Purpose: To compare thin-section, sagittal, fast fluid-attenuated inversion-recovery (FLAIR) magnetic resonance (MR) imaging with conventional axial spin-echo (SE) imaging for early detection of multiple sclerosis (MS) in the brain.
Materials and methods: Conventional 5-mm axial proton-density- and T2-weighted SE images and sagittal 2-mm fast FLAIR images of the brain in five healthy volunteers and 25 patients with clinically suspected MS were evaluated and graded as normal or as showing possible or probable MS in a double-blind study.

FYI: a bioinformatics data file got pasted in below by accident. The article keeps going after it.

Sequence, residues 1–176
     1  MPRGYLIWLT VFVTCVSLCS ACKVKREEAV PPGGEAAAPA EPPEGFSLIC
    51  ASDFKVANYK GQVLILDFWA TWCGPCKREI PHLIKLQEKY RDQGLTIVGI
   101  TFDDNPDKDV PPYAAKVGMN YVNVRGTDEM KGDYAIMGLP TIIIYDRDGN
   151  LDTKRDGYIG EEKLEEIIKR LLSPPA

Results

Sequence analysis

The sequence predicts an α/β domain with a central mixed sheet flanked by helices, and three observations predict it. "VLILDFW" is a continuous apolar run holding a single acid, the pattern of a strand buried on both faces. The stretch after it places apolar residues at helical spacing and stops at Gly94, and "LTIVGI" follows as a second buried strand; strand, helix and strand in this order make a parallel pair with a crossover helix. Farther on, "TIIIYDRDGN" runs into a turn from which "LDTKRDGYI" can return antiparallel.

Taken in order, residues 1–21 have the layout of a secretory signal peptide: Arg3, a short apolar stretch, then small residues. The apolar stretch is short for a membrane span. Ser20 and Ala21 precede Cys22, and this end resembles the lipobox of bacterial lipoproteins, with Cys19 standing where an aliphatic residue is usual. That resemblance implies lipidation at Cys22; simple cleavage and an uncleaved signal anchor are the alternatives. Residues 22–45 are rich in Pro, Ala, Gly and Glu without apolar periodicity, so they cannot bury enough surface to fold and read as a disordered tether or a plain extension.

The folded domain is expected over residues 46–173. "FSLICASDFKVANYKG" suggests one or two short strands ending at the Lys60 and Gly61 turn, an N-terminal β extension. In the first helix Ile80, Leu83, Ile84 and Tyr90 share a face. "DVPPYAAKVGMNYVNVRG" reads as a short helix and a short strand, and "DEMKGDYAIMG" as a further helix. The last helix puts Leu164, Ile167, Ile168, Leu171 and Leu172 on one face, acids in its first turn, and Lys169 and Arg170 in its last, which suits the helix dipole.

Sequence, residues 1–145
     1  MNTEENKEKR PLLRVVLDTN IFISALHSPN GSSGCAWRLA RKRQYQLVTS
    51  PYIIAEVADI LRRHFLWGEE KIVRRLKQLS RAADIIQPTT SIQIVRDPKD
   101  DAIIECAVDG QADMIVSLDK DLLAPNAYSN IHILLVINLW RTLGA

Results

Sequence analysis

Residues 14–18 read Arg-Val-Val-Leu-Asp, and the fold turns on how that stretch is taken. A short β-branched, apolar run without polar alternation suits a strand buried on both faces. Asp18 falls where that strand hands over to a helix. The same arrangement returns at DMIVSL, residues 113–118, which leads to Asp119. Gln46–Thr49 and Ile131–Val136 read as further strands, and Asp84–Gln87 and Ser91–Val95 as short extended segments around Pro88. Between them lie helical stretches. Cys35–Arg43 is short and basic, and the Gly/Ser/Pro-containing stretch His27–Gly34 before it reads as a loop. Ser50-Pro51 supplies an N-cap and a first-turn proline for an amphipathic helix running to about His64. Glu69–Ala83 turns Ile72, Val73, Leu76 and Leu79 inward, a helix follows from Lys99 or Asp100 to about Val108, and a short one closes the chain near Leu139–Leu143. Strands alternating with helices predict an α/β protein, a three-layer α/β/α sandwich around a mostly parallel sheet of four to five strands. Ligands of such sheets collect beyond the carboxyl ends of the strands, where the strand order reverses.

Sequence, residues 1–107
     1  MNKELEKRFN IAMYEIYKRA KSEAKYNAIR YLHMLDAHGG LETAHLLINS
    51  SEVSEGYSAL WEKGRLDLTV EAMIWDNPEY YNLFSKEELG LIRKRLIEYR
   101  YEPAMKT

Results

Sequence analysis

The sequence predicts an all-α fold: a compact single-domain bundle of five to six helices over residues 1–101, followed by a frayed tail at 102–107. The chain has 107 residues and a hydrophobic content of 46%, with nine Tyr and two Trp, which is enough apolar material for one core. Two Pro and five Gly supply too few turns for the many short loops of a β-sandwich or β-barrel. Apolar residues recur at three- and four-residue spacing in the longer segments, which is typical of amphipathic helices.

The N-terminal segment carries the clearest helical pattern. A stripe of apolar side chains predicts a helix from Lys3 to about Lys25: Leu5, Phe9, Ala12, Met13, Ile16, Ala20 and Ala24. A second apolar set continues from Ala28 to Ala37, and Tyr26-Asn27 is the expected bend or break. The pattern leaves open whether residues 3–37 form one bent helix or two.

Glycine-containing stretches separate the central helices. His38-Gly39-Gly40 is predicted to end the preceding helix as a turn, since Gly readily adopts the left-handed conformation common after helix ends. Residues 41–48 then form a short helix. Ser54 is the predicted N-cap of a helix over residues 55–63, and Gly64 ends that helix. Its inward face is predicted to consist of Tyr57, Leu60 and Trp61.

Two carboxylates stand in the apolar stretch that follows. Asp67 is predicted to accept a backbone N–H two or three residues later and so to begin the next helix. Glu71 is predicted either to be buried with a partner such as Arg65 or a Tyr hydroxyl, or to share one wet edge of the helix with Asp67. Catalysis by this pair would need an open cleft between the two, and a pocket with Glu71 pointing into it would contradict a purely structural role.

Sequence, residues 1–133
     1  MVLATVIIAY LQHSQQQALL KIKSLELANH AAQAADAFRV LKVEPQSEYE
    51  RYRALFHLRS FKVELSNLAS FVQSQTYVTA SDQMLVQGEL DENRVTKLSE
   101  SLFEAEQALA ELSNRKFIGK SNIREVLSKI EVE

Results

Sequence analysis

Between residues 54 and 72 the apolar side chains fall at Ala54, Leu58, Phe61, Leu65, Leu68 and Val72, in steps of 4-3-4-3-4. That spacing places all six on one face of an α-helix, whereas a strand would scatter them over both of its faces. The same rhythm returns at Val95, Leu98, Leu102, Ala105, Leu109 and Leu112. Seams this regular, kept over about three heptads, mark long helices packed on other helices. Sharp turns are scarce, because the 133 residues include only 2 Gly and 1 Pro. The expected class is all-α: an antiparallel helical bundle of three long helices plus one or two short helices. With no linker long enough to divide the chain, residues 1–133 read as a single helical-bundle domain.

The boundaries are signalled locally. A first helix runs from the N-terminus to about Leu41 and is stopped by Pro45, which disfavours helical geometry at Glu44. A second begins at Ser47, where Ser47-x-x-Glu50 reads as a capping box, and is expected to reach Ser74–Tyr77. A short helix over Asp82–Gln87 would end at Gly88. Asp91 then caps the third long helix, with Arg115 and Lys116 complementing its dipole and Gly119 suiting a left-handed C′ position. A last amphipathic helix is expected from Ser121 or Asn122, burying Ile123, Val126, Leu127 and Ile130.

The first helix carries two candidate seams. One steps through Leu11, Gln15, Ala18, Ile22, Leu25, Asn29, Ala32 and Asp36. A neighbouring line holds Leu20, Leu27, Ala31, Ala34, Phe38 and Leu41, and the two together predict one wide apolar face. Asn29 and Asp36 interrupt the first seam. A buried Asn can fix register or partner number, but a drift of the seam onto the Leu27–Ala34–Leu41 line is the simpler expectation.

Results: Fast FLAIR was judged better than SE in 37% of cases, equal to SE in 63%, and never worse than SE. In 43% of patients considered to have normal SE images, fast FLAIR images showed abnormalities consistent with MS. A subependymal striated appearance observed in several cases is believed to represent early inflammation and/or demyelination around subependymal veins in MS.
Conclusion: Sagittal thin-section fast FLAIR is superior to conventional axial proton-density- and T2-weighted SE pulse sequences for detection of MS plaques in the brain.